Petri Kärki

Doctoral studies add a bird's-eye view to professional life – enriched thinking and analytical skills help to innovate

Nina Jokiaho
Our doctoral alumnus, Petri Kärki, has done an extensive career in a global energy company, which has taken him to diverse roles both in Finland and around the world. The diversity of work and his passion for environmental issues have been his inspiration. His career has also allowed him to pursue doctoral studies alongside work.

Kärki has found significant support for his work tasks from his doctoral studies and research. His mindset has expanded, and his studies have strengthened his analytical skills. While working on his dissertation, he ventured outside his comfort zone into statistics, which proved to be rewarding. 

– I learned to analyse the impacts of decisions and understand how various factors correlate with each other. A deeper insight into long-term goals has been vital in my career. Even though not all the things learned directly apply in practice, they can still influence our mindset and problem-solving skills. 

Kärki believes that continuous learning, challenging yourself, and putting your skills to use are crucial in finding innovative solutions and business opportunities.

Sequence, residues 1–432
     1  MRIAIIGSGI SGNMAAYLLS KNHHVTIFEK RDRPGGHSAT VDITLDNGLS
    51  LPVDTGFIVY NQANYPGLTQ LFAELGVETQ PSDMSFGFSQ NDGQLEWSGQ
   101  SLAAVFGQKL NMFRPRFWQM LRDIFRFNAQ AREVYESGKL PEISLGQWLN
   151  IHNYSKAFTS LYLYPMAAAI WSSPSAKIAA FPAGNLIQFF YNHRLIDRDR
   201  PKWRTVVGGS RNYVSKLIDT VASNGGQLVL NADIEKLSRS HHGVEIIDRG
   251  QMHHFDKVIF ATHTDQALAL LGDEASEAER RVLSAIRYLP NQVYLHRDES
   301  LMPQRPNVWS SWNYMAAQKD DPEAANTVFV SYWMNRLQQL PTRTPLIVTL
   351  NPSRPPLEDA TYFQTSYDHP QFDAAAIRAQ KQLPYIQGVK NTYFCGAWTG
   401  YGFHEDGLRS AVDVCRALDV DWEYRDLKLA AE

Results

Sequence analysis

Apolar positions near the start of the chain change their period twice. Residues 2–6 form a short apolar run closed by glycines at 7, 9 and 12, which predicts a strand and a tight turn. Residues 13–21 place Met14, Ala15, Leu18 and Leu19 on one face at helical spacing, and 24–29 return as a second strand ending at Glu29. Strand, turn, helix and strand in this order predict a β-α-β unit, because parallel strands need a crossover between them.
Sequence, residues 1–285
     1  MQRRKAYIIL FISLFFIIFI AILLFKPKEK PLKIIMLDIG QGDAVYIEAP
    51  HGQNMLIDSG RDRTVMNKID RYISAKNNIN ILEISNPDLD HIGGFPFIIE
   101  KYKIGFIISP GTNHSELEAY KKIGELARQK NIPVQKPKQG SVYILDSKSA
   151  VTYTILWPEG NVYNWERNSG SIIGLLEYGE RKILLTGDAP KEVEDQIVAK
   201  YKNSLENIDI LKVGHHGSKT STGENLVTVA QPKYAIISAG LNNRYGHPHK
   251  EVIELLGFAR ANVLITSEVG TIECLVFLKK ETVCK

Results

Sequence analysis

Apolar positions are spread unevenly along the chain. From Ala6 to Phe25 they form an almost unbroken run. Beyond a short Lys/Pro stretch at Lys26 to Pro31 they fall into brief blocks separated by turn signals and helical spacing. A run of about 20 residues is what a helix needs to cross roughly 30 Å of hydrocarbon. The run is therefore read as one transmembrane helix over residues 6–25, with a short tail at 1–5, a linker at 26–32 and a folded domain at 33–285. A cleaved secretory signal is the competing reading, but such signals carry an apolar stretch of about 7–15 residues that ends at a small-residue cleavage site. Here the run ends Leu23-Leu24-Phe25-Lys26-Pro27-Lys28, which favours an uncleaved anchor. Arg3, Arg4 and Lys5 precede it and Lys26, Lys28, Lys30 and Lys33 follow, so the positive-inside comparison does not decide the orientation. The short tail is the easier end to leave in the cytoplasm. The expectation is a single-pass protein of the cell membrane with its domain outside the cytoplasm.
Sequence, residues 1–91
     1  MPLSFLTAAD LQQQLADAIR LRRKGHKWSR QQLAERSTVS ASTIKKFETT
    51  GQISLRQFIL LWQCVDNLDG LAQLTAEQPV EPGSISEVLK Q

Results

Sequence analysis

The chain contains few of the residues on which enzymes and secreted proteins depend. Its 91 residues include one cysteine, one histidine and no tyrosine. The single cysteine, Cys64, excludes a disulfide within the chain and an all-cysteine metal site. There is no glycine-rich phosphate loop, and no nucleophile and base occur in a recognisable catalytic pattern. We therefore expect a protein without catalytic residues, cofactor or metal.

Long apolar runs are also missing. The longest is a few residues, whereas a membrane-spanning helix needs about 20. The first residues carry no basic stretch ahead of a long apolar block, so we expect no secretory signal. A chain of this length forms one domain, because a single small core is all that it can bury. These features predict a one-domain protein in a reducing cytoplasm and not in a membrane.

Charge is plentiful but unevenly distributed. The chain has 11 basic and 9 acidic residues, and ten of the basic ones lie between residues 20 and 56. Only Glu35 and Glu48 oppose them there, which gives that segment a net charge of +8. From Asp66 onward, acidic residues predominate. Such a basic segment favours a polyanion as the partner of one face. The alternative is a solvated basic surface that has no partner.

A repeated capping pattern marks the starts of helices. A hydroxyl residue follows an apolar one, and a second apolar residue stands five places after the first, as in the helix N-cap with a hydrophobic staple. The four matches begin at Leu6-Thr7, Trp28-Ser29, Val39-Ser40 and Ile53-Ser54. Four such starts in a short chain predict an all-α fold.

– Companies need educated people. Doctorates are especially useful when seeking innovative solutions and developing new ideas. A research background helps address challenges systematically and persistently. Doctoral studies have already proven the value of systematic and persistent effort.   

Collaboration between companies and universities holds huge potential 

Throughout his career, Kärki has collaborated with universities. Previously, he worked with researchers to develop product, system, and office processes. At the University of Vaasa, Kärki has several contacts with whom he can discuss challenges in his work. These discussions benefit both parties. In addition to collaboration meetings, Kärki even participated in university strategy days, where the idea of a mentoring programme originated. The discussion there revolved around how a new graduate assumes that they will join a company and become a CEO in five years or a leader of a large team within two years, which may not necessarily be realistic. They get disappointed and may leave to seek employment elsewhere.

– I received a lot of mentoring myself and suggested to the university to extend mentoring beyond its boundaries. We could provide future talents the opportunity to network in our company, see our work and career paths in practice, work with us during summers, and complete their theses with us. This would help integrate them into Vaasa and our companies here.  

The programme began with two piloting students. Today, numerous students participate in the mentoring programme, which is part of the Energy Academy. 

– I am particularly proud of developing this concept, as it bridges the gap between the academic world and the industry.  

Master’s theses and final projects offer added value to companies. Kärki also sees potential in doctoral theses.